Gold prices edged down on Tuesday after clocking a sharp rise in the last session, as risk sentiment improved and bond yields rebounded, while investors await the U.S. inflation data due later this week.
Spot gold climbed to $1,865.19 per ounce, its highest since Sept. 29 earlier in the day, and was last down 0.2% at $1,856.68 by 1032 GMT.
U.S. gold futures climbed 0.3% to $1,870.20.
Gold rose about 1.6% on Monday, its biggest one-day jump in five months, as military clashes between Israel and Palestinian Islamist group Hamas boosted demand for safe haven investments.
“Markets remain responsive to further signs of escalation and further events that unfold over the coming days. But for now, it seems that markets have settled down,” said Craig Erlam, senior markets analyst at OANDA.
Gold has run into resistance at $1,865, with some initial profit taking on the back of two very positive days for gold-backed by risk aversion and the Fed’s balanced commentary, Erlam added.
European stocks rebounded sharply on Tuesday as dovish comments from U.S. Federal Reserve policymakers and easing oil prices helped calm investor nerves.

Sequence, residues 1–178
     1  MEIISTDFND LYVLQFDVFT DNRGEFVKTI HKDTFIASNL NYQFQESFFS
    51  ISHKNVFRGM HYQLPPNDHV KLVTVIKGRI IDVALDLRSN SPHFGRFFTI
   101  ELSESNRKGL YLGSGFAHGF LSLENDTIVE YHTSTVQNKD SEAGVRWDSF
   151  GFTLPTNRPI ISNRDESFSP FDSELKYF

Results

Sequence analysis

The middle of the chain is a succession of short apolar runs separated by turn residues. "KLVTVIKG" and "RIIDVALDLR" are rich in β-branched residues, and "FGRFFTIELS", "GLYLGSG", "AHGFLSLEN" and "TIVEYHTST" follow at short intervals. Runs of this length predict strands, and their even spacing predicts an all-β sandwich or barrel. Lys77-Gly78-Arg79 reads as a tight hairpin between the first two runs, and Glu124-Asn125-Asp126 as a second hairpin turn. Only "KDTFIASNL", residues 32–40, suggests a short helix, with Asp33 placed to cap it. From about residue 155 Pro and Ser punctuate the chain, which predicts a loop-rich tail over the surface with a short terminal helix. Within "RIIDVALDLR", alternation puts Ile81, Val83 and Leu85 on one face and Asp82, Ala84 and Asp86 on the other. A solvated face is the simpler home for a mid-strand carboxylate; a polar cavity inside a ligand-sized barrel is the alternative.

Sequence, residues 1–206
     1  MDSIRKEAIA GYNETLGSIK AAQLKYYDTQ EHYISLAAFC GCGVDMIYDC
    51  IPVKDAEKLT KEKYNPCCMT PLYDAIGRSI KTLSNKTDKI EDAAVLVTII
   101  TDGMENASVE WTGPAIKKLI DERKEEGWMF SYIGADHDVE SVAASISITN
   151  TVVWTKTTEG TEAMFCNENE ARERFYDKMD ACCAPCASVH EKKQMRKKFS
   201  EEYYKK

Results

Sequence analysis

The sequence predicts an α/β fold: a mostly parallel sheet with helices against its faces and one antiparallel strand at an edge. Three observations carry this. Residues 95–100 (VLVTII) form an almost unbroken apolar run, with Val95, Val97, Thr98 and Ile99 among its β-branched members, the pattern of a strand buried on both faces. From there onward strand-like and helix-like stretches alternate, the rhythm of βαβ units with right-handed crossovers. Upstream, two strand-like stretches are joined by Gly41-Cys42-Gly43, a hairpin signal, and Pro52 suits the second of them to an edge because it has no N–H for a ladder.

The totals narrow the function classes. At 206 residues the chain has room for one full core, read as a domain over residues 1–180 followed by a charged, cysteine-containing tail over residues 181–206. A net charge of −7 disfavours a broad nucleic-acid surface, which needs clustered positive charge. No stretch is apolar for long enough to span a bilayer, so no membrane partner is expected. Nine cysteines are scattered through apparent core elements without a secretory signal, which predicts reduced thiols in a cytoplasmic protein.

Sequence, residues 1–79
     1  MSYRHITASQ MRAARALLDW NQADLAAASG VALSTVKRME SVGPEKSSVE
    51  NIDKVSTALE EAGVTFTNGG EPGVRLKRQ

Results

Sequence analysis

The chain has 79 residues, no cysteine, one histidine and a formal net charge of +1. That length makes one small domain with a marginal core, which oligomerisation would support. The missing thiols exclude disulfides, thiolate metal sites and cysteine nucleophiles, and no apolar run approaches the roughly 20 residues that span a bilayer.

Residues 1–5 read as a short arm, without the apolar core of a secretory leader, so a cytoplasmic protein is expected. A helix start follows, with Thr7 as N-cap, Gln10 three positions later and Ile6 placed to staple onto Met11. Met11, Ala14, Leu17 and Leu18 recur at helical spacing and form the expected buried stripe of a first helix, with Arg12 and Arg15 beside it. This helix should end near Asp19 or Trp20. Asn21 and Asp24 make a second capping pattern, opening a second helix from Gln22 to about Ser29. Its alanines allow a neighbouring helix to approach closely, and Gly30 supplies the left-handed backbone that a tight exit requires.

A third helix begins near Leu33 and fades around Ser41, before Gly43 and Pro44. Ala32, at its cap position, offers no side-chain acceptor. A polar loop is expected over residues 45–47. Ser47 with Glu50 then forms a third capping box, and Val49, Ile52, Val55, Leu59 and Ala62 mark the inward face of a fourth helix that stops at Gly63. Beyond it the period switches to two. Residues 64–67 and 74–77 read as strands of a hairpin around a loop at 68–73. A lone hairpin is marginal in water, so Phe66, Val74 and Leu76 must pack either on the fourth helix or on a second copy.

The military conflict in the Middle East is threatening more volatility for investors, adding to uncertainty ahead of the corporate earnings season and crucial U.S. Consumer Price Index data on Thursday, which could offer more visibility on the Federal Reserve’s rate-hike path.
Fed Vice Chair Philip Jefferson and Dallas Fed President Lorie Logan noted on Monday that the recent run-up in yields may reduce the need for further interest rate hikes.
Benchmark 10-year Treasury yields rose to 4.6737%, decreasing appeal for non-yielding bullion.
In the longer run, however, U.S. rates will be the bigger driver, Kyle Rodda, financial market analyst at Capital.com, said, adding that yields are broadly very positive “and that’s kryptonite for gold”
Spot silver fell 0.8% to $21.72 per ounce, platinum slipped 0.3% to $883.30, and palladium dropped 0.8% to $1,131.16.